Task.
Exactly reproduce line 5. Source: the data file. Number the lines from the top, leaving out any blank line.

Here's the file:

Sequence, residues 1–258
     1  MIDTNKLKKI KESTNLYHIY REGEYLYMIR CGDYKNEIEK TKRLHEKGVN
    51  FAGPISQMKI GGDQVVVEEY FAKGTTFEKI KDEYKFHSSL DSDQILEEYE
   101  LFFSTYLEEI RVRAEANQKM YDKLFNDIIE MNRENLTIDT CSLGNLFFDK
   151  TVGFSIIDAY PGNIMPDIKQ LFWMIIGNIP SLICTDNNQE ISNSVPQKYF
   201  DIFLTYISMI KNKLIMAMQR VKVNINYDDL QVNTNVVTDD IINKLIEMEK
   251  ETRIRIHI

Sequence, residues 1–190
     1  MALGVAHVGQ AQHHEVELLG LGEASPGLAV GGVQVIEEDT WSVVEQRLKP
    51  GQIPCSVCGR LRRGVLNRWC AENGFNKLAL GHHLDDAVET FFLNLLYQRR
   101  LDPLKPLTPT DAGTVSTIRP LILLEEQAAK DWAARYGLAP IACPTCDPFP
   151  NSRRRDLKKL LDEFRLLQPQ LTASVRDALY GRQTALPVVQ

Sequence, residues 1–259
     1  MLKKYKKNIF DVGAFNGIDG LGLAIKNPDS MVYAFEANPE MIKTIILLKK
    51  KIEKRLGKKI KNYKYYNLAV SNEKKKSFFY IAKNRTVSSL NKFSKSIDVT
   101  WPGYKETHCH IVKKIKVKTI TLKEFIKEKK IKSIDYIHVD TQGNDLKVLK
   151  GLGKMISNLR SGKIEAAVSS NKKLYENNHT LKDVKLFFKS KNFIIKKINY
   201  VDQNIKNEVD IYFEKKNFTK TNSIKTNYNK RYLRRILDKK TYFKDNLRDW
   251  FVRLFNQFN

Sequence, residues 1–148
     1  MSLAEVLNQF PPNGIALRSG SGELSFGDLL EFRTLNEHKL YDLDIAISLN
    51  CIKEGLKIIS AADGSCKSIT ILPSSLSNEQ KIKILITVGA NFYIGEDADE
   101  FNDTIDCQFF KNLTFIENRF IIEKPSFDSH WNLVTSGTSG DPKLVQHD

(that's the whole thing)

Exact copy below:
   151  TVGFSIIDAY PGNIMPDIKQ LFWMIIGNIP SLICTDNNQE ISNSVPQKYF